Toxic Environment Leads Flynn to Take the Fifth

Lt. Gen. Michael Flynn, President Trump’s former national security adviser, will plead the Fifth Amendment instead of testifying before the Senate Intelligence Committee.

Flynn’s lawyers told the Senate that the current political environment was leading to an “escalating public frenzy.”

“One of the Fifth Amendment’s basic functions … is to protect innocent men … who otherwise might be ensnared by ambiguous circumstances.”

And according to one former federal prosecutor, Flynn and his attorneys made the right choice given the circumstances.

“It’s ‘Legal Representation 101,'” said Joseph diGenova, the former U.S. attorney for the District of Columbia under President Ronald Reagan. “At this point, the best thing for him to do — you say nothing to anyone, period.”

Flynn’s decision comes less than two weeks after the Senate panel issued a subpoena for Flynn’s documents as part of the panel’s investigation into Russia’s meddling in the 2016 election, according to Fox News.

Flynn has been the subject of a huge media and political maelstrom. In the near-hysterical environment that surrounds alleged Russian interference in the 2016 campaign, Flynn’s attorneys likely thought talking to the committee without immunity was simply not worth the risk.

Pleading the Fifth Amendment will irk Congress and investigators, but it prevents authorities from trying to trap Flynn by producing conflicting statements. The pleading of the Fifth also comes shortly after Deputy Attorney General Rod Rosenstein appointed a special counsel, Robert Mueller, to investigate the Russian hacking and anything related.

In this environment, diGenova agreed, it’s not worth it to testify without immunity.

"That's what any good lawyer would do for his client in this situation," said diGenova.

Flynn will also decline to provide records to the committee, since that alone could be viewed as testimony, according to a copy of the letter Flynn's attorneys sent to the Senate Intelligence Committee.

Flynn's lawyers noted in a letter to the Senate panel that the Supreme Court held in Ohio v. Reiner, in 2001, that "one of the Fifth Amendment's basic functions ... is to protect innocent men … who otherwise might be ensnared by ambiguous circumstances."

Even truthful testimony conveyed by an "innocent witness" can be used in a way that could ensnare innocent people, the Supreme Court held.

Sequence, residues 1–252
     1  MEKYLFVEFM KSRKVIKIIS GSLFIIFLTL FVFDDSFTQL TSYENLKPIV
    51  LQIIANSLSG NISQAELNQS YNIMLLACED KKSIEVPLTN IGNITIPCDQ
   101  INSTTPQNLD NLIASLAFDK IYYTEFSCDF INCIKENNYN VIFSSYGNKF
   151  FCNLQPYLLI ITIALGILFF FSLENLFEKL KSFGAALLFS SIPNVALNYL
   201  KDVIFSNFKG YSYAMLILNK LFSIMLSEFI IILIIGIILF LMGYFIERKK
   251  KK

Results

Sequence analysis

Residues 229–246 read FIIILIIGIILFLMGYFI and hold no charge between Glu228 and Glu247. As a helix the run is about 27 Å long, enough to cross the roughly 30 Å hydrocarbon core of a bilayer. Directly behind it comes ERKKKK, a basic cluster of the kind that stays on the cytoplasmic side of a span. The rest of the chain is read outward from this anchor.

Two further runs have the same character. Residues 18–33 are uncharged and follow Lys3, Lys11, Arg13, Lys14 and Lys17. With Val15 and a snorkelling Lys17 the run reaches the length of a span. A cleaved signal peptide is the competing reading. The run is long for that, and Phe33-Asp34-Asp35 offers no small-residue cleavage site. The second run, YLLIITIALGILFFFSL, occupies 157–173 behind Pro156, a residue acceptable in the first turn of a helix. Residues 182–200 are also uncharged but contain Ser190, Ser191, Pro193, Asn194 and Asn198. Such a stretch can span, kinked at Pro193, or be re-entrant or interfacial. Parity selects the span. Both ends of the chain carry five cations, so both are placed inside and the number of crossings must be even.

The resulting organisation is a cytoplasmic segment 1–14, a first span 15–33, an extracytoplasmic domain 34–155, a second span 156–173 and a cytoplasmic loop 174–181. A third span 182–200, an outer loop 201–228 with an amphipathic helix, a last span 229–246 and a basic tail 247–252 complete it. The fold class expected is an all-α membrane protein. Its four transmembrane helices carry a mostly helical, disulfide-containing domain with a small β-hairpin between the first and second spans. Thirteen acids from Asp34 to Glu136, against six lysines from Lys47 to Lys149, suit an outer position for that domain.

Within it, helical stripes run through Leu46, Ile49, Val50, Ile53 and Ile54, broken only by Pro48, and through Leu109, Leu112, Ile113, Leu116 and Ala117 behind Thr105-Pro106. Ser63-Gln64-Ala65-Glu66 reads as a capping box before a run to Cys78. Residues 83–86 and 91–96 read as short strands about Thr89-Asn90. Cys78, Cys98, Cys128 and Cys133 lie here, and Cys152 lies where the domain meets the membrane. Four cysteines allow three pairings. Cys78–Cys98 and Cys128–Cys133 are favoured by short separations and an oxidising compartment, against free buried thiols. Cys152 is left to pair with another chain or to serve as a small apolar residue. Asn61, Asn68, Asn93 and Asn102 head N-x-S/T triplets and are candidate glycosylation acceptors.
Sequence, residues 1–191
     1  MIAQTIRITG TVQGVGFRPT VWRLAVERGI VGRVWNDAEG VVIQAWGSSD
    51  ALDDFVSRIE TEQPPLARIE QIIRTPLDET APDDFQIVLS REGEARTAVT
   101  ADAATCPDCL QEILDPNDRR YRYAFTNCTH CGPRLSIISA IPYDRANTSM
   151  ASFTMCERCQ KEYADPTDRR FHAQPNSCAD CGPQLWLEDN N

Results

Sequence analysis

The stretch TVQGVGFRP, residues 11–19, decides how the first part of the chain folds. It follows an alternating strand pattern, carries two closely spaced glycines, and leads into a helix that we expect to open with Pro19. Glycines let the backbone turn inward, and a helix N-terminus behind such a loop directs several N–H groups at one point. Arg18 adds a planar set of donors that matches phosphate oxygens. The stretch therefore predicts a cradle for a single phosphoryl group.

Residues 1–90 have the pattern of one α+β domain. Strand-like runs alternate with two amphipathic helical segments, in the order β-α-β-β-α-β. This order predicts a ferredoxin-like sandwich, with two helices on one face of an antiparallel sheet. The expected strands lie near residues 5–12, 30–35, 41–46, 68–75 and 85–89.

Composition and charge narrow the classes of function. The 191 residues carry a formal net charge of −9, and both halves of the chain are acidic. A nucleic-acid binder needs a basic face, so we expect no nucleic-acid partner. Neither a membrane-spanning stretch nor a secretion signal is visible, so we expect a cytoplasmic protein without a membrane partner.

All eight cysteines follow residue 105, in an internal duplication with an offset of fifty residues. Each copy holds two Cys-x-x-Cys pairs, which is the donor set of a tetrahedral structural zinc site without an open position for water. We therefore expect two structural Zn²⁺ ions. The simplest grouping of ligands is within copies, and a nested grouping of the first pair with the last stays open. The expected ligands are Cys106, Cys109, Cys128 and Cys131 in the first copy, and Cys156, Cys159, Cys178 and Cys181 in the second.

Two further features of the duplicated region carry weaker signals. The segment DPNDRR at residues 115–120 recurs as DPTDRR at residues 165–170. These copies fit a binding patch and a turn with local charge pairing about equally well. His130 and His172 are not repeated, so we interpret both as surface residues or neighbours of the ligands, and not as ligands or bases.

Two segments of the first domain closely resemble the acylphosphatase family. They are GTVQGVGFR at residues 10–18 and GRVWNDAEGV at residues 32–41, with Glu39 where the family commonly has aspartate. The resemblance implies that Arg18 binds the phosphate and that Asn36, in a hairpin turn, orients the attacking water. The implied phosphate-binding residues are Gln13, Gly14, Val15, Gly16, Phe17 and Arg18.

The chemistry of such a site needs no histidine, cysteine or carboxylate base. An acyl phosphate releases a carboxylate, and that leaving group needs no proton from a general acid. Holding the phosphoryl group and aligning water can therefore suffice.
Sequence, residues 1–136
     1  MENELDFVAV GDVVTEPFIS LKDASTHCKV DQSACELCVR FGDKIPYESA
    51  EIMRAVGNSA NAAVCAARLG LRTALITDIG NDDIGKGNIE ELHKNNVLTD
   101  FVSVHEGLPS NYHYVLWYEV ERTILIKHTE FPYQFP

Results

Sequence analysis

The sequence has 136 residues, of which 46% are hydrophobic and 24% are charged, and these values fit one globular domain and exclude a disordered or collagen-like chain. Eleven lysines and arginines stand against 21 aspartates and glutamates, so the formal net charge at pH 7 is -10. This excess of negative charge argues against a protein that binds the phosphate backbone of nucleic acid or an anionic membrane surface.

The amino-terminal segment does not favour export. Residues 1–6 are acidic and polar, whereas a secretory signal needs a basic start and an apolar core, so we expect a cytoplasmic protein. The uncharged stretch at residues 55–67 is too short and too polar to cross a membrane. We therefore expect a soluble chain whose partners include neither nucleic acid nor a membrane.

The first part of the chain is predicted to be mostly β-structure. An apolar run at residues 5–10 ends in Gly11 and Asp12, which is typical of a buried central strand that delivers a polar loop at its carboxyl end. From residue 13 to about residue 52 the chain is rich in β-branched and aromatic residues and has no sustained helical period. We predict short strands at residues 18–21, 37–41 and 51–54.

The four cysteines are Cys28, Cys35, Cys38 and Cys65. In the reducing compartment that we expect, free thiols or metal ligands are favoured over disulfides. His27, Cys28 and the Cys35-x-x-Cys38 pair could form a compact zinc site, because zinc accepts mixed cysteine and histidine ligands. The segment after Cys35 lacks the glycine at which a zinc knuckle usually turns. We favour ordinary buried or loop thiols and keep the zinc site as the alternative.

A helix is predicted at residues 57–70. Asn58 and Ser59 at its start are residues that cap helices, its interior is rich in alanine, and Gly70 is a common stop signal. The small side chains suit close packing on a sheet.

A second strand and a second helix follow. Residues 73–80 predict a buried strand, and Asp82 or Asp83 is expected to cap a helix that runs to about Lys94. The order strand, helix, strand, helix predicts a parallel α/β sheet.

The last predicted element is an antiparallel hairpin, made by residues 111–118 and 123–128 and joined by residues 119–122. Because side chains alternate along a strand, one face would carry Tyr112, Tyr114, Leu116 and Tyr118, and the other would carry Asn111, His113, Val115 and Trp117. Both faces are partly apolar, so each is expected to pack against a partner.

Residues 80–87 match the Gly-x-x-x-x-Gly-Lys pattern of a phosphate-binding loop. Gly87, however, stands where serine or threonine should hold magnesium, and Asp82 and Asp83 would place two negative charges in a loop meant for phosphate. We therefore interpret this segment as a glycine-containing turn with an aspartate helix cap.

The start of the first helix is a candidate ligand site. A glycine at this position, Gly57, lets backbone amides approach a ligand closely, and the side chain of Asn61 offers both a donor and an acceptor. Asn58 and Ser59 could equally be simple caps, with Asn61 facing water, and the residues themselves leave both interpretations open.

Flynn is the target of other congressional investigations, an ongoing FBI probe, and a separate federal investigation in Virginia, according to Fox News.

But special prosecutor Mueller, the former FBI chief under former Presidents George W. Bush and Barack Obama, is expected to oversee what will be the main investigation into Russian meddling in the U.S. campaign. It's also expected Mueller will investigate any possible ties between the Trump campaign and Russian hackers.

It was that appointment of Mueller, on Wednesday, that led Flynn's attorneys to advise Flynn to take the Fifth.

"The context in which the [Intelligence] Committee has called for General Flynn's testimonial production of documents makes it clear that he has more than a reasonable apprehension that any testimony he provides could be used against him," Flynn's attorneys wrote in a Monday letter to the committee's chairman, Sen. Richard Burr (R-N.C.).

The appointment of Mueller puts Flynn in a defensive position, the attorneys wrote, and gives "rise to a constitutional right not to testify."

No evidence has ever been publicly presented that anyone associated with Trump colluded with the Russians on the hacking of email accounts for the Democratic National Committee and Hillary Clinton's campaign chairman, John Podesta, but the discovery of such a link has turned into an obsession for Democrats and the media.

Flynn, a retired Army lieutenant general, resigned from his position as national security adviser on February 13 at Trump's request.

The decision to oust Flynn came after he misled Vice President Mike Pence on the substance of a phone conversation with the Russian ambassador in late December. Flynn said sanctions were not discussed.

An unidentified government source leaked a transcript of the phone call with the Russian ambassador to The New York Times, kickstarting a series of events that led to Flynn's firing.

Last Modified: November 21, 2017, 9:53 am

This website uses cookies.